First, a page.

I should have worded that better.
I guess that solving the problem they way I did, I would say A is correct.
I see that for x-y=6 there could be many values for x and y, however, it seems like many similar problems are solved by manipulating statements (i.e. x-y=6) and plugging into x=y or x=-y.
I understand how this problem was solved, but I want to understand WHY it was solved the way it was.
As always, thank you for for help.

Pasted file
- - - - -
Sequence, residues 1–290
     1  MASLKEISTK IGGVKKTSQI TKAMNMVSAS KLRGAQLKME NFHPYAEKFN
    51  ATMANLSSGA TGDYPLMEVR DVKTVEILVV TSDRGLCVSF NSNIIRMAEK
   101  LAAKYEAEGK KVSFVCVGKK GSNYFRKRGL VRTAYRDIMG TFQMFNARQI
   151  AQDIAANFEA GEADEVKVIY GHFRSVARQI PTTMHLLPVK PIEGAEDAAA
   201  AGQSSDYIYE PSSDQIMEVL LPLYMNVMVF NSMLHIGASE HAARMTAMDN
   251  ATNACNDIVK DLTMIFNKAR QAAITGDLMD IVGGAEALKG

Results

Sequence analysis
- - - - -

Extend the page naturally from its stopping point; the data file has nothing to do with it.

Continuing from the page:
Zarrolou wrote:
WholeLottaLove wrote:
My first instinct was to manipulate |x|=|y|
x=y
OR
x=-y
1.) says that x-y=6 which means we can get values for x and y
x=6+y
y=x-6
So, for x=y
6+y=y
6=0 (Invalid)
x=x-6
0=6 (Invalid)
So, for x=-y
6+y=-y
y=-3
x=-x+6
x=3
Why wouldn't we use that methodology on this problem?
Are you saying that A is sufficient?
In the case \(x=3\) and \(y=-3\) => \(|x|=|y|\).
But if \(x=90\) and \(y=84\) then x - y = 6 but \(|x|\neq{|y|}\).
The question asks you if x=y OR x=-y, you cannot assume that it's true in your solution to find the values of x,y for which it holds ture.